by Nola Taylor Redd for Astrobiology Magazine
Moffett Field CA (SPX) Dec 17, 2012
The Mars Science Laboratory Curiosity rover has 10 science instruments, and each will be used in the coming weeks and months to help characterize the environment of Mars and determine if the planet ever had the potential for life.
The Chemistry and Camera (ChemCam) will study Martian rocks and soil in depth. A laser will target selected rocks, creating an ionized, glowing plasma that will be used to analyze their composition. The instrument's camera will resolve features 5 to 10 times more in-depth than previous rovers. Darby Dyar, of Mount Holyoke College, is one of the scientists using ChemCam to search Martian minerals for hydrogen and water.
What kind of science do you do, generally?
For example, some people might tell you that the Moon started out completely dry, and that the only hydrogen on the surface of the Moon has been brought there by comets. Other people might say that the Moon was made of stuff that had hydrogen in it initially, and that the Moon is just continuously losing that hydrogen to outer space, which is why the surface is fairly dry now but only has a trace of hydrogen left. So there are lots of problems in planetary science that ask the question, is the water endogenous or indigenous? In other words, did it come from somewhere else, or did it come from the interior of the planet? Some people even think that's true of the Earth, that all of the water that's here was brought by comets. I think that's highly unlikely.
I wouldn't call myself a Mars specialist, but I'm a specialist in thinking about how hydrogen evolved on planets. That's pretty important for MSL, because it's important to not just have people who know Mars inside out, but people who can relate the Mars results to other planets, especially Earth.
What it is specifically that you do with MSL?
We have a giant, stainless steel vacuum cube with a couple of windows on it. We put samples, a bunch of rocks, inside the chamber on a little merry-go-round, and we pump all the air out of the chamber. Then we put a little bit of carbon dioxide gas in it so that it's the same pressure as the surface of Mars. We shoot a laser through the window at the rock and generate plasma just the way ChemCam does, and then take a spectrum of the plasma and try to understand the chemistry of the rock based on the spectroscopic signature of that little plasma.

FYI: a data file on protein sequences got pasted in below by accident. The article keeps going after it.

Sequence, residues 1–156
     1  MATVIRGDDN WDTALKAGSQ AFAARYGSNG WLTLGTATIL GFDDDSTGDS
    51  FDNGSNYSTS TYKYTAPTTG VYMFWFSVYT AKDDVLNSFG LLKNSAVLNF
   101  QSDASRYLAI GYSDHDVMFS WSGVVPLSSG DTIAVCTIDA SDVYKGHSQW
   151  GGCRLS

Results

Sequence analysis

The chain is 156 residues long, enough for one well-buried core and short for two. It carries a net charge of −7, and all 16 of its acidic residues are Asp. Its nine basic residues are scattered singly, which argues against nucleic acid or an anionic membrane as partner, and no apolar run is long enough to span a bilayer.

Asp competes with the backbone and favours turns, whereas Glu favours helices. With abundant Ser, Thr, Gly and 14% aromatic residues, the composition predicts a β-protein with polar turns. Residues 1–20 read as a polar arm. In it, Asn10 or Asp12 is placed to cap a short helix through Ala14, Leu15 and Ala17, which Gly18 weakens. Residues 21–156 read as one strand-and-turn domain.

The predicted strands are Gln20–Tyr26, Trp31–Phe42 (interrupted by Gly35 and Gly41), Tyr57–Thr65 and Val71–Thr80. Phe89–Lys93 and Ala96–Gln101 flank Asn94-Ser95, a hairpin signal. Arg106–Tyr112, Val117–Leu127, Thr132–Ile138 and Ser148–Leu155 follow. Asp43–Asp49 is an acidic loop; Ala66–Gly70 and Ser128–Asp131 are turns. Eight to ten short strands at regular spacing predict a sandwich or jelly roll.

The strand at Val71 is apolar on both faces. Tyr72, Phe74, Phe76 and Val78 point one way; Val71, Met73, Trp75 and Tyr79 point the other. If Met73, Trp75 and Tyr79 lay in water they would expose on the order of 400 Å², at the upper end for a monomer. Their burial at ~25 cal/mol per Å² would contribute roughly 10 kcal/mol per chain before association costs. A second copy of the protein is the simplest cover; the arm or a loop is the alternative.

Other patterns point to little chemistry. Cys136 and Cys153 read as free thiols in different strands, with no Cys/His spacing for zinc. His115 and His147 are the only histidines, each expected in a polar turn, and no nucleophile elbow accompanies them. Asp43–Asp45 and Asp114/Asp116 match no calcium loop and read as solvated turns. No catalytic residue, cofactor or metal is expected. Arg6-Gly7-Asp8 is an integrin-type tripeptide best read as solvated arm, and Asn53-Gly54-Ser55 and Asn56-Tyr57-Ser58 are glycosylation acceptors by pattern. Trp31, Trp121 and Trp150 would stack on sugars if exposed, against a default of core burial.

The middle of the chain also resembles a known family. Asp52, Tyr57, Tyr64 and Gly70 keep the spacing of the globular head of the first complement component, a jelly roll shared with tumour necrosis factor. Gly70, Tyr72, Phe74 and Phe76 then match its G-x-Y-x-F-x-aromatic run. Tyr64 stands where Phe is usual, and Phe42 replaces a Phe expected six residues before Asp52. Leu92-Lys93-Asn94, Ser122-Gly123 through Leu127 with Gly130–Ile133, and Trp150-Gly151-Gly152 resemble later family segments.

ChemCam has a calibration target on it with nine rock standards and one titanium standard, and we have samples of those in my lab. We can shoot them in my lab, and then compare the results with the results on Mars. Understanding that then allows us to use other data from other rocks that we've acquired in my lab to draw conclusions about things that are happening on Mars. So we use the calibration samples as a sort of Rosetta stone to let us go back and forth between lab data and Mars data.
How does your work help us to answer astrobiology questions?
It's not simply a matter of looking for puddles or ripple marks. It's also a question of looking for minerals that form in the presence of water or as signatures of biological activity and the environments in which they form. If life was present on Mars billions of years ago, those signatures are likely to be preserved as hydrous minerals, or minerals with water in their structures, distributed among different habitats.
As astrobiologists, we seek to tease out the interrelationships among varying environmental conditions, the associated microbial phenomena, and the resultant biomarkers. I think answers to important astrobiology questions will come only when we combine the best observations of Martian habitats, careful studies of biomarkers in analogous terrestrial habitats, and clever application of state of the art instrumentation.
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